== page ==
We might ask if the contrast between the historical and contemporary images contribute to an understanding of the environment that we live in? why did the photographer of the original images make them? Was it an accidental process or a deliberate intention?
Overall, there are complex ideas and themes in the work struggling to reach the surface. The overall theme needs to be clarified and the work informed by individual critical analysis and research in an attempt to resolve the issues [7].

Wells, L. (ed.) (2009) Photography: A Critical Introduction (4th edition). Abingdon: Routledge. Chapter 42. Reading an Archive. Alan Sekula

Action points

Before submitting work for formal assessment, I would suggest that you review the whole body of work. Check that the learning log is clearly indicating your learning curve, evidence of reflection and evaluation. Present the work in an appropriate manner and ensure that the assessor is able to see your development in the images and written work. Check that all the learning outcomes have been met. Do not forget that you can change the way you present the work for assessment. It does not have to be in the manner that you submitted for each project assignment. It is also possible for you to change content in relation to feedback received. Do indicate your own responses to feedback. Ensure that all quotes and reading are referenced using Harvard Referencing either in context or as part of a bibliography.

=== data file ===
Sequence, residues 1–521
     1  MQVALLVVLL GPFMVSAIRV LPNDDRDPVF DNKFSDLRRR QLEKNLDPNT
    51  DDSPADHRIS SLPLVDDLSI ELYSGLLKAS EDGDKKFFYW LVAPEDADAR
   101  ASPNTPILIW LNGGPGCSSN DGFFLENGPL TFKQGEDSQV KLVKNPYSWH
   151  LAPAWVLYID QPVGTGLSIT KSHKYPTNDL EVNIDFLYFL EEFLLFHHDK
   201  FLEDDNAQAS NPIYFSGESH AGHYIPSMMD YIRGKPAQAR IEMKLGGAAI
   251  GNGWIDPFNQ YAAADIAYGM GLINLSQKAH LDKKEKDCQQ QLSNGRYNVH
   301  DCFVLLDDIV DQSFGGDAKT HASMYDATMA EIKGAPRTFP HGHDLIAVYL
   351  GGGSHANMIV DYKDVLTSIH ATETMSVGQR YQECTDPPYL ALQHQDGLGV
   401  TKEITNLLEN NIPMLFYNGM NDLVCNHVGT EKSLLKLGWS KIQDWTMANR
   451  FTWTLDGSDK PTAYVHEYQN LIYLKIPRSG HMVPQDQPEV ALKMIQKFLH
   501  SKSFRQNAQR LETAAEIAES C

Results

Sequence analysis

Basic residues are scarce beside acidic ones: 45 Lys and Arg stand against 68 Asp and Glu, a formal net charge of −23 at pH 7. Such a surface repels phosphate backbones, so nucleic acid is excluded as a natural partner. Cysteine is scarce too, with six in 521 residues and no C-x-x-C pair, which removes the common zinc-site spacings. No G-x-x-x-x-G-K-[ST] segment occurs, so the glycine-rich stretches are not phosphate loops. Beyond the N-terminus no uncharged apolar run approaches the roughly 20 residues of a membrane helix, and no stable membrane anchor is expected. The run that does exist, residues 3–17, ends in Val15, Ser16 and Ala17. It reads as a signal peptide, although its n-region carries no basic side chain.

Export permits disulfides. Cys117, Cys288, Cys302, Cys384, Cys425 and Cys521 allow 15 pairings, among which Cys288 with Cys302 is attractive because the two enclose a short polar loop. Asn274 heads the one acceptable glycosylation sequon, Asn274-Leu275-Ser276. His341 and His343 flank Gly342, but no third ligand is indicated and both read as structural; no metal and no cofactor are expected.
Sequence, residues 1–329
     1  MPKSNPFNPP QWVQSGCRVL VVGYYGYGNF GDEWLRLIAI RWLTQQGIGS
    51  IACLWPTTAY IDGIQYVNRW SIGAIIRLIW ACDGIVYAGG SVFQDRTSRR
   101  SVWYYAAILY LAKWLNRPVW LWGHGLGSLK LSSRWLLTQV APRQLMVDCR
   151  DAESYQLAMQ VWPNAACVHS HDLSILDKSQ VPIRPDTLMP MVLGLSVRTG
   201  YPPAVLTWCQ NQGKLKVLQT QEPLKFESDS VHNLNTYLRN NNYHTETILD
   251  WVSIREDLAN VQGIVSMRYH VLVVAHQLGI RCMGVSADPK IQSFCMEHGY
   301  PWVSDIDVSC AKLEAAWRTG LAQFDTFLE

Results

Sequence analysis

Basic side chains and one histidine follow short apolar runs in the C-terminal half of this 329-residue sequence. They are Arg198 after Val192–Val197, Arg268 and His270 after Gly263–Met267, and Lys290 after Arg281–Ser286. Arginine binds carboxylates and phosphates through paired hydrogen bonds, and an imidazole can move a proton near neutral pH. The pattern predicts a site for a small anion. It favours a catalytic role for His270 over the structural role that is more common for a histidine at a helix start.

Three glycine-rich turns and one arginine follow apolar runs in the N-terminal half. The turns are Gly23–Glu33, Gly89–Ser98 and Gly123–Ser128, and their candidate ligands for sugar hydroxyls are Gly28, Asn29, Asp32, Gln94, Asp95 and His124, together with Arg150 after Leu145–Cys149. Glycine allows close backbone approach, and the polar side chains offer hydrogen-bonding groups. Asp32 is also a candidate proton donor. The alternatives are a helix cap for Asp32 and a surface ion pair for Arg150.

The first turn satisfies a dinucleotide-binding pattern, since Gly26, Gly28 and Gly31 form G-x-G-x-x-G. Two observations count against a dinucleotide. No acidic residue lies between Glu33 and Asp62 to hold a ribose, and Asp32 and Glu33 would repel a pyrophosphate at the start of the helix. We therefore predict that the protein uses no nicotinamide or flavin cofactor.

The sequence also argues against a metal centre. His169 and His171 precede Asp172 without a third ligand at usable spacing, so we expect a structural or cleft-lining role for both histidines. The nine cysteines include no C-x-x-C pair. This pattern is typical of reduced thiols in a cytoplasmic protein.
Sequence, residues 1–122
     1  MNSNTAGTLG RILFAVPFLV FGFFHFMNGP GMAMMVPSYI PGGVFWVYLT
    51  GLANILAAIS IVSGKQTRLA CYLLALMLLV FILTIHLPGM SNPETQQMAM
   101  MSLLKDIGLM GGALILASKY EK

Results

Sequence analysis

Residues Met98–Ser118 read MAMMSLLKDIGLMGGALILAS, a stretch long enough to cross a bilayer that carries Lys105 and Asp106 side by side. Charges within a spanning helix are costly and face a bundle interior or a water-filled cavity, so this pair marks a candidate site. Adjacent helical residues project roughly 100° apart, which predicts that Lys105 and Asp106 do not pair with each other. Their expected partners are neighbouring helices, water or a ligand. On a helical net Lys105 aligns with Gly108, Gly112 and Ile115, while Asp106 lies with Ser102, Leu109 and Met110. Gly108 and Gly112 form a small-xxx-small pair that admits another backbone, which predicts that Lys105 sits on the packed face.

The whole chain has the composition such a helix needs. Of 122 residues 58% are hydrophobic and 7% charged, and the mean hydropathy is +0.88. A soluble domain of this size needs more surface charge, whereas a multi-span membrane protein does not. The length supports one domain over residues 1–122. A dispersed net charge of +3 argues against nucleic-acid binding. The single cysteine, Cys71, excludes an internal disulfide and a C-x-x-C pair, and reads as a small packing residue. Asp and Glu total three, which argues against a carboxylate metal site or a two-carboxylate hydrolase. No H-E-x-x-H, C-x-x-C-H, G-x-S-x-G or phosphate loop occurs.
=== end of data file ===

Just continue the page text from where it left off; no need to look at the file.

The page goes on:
6th September

This feedback for this project has been more critical than for the previous four. I acknowledge that there are shortcomings, but have some defences to offer.

1. Authorship and ownership were considered at length after Asg.2 in an essay that will probably submitted in the Final Assessment package. I reread the essay this morning as part of the FinAss refinement and selection process and have nothing to add to it.
In the context of this Assignment, I consider the usage to be ‘fair dealing’, as defined in Sections 29 and 30 of the Copyright, Designs and Patents Act 1988. My sources have not been the original photographers but mostly books of the Old Eltham genre and occasionally online sources. In every case, my secondary source is credited. None of my sources credit the original photographers, not a single instance.
Because there is a possibility of comeback on this point, I am submitting Assignments 1-3 for FinAss as 4 and 5 run this risk.